Queen's Health Center
Know your chance of heart attack or stroke in just three minutes
- Measures 8 different cardiovascular areas
- A medical doctor approved, certified technician will review results with you immediately
- You will know the condition of your cardiovascular system when you leave and can take your own pro-active approach to avoid a heart attack or stroke.
Heart Disease is the Number One Cause of Death
About every 25 seconds, an American will have a coronary event.
Heart Disease is the leading cause of death in the United States and is a major cause of disability. The most common heart disease in the United States is coronary heart disease, which often appears as a heart attack.
In 2010, an estimated 785,000 Americans had a new coronary attack, and about 470,000 had a recurrent attack. About every 25 seconds, an American will have a coronary event, and about one every minute will die from one.
Know Your Signs and Symptoms
Some heart attacks are sudden and intense; however, most heart attacks start slowly, with mild pain or discomfort. Often people affected aren't sure what's wrong and wait too long before getting help.
Here are signs that can mean a heart attack is happening:
- Chest discomfort. Most heart attacks involve discomfort in the center of the chest that lasts more than a few minutes, or that goes away and comes back. It can feel like uncomfortable pressure, squeezing, fullness, or pain.
- Discomfort in other areas of the upper body. Symptoms can include pain or discomfort in one or both arms, the back, neck, jaw, or stomach.
- Shortness of breath. May occur with or without chest discomfort.
- Other signs. These may include breaking out in a cold sweat, nausea, or lightheadedness.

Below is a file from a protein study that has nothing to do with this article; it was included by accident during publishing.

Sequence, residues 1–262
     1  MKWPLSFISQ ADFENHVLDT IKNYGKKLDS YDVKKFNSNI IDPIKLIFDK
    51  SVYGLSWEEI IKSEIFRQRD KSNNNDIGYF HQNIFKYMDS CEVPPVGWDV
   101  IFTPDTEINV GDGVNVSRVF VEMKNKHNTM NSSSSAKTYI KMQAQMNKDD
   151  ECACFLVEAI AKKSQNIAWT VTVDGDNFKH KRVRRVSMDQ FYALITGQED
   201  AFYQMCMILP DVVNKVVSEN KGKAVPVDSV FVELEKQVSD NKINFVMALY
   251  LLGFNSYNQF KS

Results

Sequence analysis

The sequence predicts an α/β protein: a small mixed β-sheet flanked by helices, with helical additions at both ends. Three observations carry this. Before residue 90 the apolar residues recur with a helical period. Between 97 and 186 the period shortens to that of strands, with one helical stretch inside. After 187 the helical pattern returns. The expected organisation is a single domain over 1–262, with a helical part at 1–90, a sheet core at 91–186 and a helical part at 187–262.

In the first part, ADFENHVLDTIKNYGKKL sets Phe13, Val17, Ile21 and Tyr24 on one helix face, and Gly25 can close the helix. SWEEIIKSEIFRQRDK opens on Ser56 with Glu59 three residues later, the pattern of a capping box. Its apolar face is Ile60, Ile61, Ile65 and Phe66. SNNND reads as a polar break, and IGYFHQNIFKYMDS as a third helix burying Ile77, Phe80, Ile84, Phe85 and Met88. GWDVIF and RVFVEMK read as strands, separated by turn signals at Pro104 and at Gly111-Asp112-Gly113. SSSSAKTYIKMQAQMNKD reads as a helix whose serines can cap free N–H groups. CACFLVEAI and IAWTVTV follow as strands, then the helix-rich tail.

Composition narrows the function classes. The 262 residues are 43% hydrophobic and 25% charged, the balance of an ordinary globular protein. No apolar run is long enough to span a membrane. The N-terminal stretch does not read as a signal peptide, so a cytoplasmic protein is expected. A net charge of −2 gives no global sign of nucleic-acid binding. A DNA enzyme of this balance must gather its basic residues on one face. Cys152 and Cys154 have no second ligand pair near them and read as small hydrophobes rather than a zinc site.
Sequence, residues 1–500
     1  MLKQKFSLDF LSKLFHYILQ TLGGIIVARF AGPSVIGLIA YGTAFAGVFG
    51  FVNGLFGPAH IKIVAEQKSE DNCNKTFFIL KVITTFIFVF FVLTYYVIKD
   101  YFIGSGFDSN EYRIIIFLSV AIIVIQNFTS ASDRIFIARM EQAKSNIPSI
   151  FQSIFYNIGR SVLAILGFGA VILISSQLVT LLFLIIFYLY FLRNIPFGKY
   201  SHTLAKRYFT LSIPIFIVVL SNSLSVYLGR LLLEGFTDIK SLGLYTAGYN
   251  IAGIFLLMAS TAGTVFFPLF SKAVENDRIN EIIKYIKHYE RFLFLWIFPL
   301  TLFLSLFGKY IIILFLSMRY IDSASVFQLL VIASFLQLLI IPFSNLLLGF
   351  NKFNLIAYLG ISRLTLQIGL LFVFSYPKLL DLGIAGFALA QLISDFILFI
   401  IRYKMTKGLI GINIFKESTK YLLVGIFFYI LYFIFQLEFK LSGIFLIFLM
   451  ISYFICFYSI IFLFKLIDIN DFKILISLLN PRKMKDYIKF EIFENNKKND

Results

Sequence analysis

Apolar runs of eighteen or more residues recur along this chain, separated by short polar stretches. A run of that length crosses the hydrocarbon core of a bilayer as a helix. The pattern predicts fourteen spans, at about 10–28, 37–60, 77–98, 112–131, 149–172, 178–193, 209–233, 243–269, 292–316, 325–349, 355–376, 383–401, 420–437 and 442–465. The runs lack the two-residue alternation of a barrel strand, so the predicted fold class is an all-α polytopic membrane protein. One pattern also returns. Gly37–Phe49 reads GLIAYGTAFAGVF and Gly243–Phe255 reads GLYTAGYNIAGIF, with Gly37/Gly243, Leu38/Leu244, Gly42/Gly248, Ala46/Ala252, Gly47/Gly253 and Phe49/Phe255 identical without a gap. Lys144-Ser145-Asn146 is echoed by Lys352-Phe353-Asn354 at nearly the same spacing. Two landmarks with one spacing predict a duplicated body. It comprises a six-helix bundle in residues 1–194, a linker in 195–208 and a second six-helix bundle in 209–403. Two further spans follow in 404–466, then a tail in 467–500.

Healthy Lifestyle: Diet and Nutrition, Exercise and Fitness
A healthy diet and lifestyle are the best weapons you have to fight heart disease. Many people make it harder than it is. It is important to remember that it is the overall pattern of the choices you make that counts. As you make daily food choices, read nutrition labels and base your eating pattern on these recommendations:
- Choose lean meats and poultry without skin and prepare them without added saturated and trans fat.
- Select fat-free, 1% fat, and low-fat dairy products.
- Cut back on foods containing partially hydrogenated vegetable oils to reduce trans fat in your diet.
- Cut back on foods high in dietary cholesterol. Aim to eat less than 300 mg of cholesterol each day.
- Cut back on beverages and foods with added sugars.
- Select and purchase foods lower in salt/sodium.
- If you drink alcohol, drink in moderation. That means no more than one drink per day if you're a woman and two drinks per day if you're a man.
- Keep an eye on your portion sizes.
Women and Heart Disease: Quick Facts
Although heart disease is sometimes thought of as a "man's disease," it is the leading cause of death for both women and men in the United States, and women account for nearly 50% of heart disease deaths.
In 2007, heart disease was the cause of death in 306,246 females.
Heart disease is often perceived as an "older woman's disease," and it is the leading cause of death among women aged 65 years and older. However, heart disease is the third leading cause of death among women aged 25–44 years and the second leading cause of death among women aged 45–64 years. Remember that many cases of heart disease can be prevented!
Men and Heart Disease: Quick Facts
- In 2007, heart disease was the cause of death in 309,821 American men.
- The average age for a first heart attack for men is 66 years.
- Almost half of men who have a heart attack under age 65 die within 8 years.
- Between 70% and 89% of sudden cardiac events occur in men.
Visit CDC's Division of Nutrition, Physical Activity, and Obesity Web site for more tips on nutrition